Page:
Giant Spider Invasion Alert In The U.S.

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The alert issued has generated fear among residents.

The United States is on alert for an invasion of giant spiders. This was announced by the Royal Entomolical Society, which predicts that this invasion, which they called "spider rain", will increase by the spring of 2022. These are the Joro spiders, belonging to the arachnid species nephila and coming from some Asian countries, such as Japan, Taiwan, China and Korea. As for their appearance, they are black with yellow spots, with very long legs, and can be as large as the palm of a hand. The news generated a lot of fear among citizens, especially because of the large size of these spiders, although they do not pose any risk to humans. Although they have a neurotoxic venom very similar to that of the black widow, their fangs are not strong enough to penetrate the skin. Likewise, they pose no risk to pets. Joro spiders are believed to have been brought to the United States by the movement of humans, i.e., by people traveling on boats or arriving on cargo ships.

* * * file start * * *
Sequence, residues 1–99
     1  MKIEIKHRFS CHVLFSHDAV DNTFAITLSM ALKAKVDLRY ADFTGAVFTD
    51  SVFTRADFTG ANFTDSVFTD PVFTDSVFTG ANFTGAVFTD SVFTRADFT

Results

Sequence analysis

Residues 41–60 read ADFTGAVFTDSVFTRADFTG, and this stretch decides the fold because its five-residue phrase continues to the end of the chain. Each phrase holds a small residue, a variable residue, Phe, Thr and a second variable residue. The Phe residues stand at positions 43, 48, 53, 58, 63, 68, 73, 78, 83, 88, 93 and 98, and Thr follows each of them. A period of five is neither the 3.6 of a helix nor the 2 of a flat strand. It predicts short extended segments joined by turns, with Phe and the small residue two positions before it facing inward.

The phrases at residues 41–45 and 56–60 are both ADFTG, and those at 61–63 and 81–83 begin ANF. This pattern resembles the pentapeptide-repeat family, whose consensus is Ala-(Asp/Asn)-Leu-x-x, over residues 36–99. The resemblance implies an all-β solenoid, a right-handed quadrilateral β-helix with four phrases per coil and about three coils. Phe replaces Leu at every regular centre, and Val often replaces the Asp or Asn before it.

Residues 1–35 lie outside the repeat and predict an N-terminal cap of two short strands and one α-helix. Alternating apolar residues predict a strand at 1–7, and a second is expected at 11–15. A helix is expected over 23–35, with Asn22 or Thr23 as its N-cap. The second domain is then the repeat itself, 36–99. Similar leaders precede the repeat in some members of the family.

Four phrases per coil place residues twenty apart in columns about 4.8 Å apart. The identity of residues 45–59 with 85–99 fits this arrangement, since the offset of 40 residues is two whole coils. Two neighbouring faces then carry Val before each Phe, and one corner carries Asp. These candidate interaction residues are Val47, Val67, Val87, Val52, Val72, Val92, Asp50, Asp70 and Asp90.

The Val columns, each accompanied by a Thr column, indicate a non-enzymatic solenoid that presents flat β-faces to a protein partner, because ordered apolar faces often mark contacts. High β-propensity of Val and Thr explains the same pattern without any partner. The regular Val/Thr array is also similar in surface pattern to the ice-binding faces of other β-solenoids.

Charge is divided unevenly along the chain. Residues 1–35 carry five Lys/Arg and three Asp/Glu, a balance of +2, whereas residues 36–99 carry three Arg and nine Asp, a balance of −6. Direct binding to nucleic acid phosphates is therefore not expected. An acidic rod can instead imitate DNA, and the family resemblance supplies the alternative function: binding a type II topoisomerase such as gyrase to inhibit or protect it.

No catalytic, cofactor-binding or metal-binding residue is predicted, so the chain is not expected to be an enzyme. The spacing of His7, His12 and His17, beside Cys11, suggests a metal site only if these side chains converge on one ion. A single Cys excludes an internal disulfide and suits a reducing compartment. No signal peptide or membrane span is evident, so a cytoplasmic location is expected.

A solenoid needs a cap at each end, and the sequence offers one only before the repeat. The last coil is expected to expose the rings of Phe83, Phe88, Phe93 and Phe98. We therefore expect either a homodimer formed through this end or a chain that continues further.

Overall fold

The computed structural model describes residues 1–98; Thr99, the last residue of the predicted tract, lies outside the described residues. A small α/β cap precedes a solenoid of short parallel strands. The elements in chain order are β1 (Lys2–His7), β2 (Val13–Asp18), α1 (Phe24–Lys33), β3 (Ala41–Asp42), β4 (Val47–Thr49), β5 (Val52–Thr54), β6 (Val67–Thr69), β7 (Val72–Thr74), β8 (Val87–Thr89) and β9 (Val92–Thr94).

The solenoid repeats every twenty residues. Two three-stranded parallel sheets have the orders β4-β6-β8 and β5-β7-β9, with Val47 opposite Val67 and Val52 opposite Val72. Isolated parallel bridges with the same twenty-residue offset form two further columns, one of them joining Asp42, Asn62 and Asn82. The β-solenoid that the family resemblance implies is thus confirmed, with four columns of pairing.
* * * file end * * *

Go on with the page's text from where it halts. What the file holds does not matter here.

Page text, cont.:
They were first identified in the U.S. in the state of Georgia and, over the years, they increasingly multiplied in different areas around them. "People should try to learn to live with them. If they're literally in your way, you can push their web aside, but they're just going to come back next year," said scientist Andy Davis, who is leading research on Joro spiders at Georgia's Odum School of Ecology. Through these scientific studies, some similarities were found between Joro spiders and traditional nephila spiders, also known as golden silk spiders, which did not expand as much because they do not withstand cold temperatures. Some of the points on which Joro spiders differ from them is that they have "a metabolism twice as high, a heart rate 77% higher at low temperatures" and that they survive "74% of the time in sub-zero temperatures".

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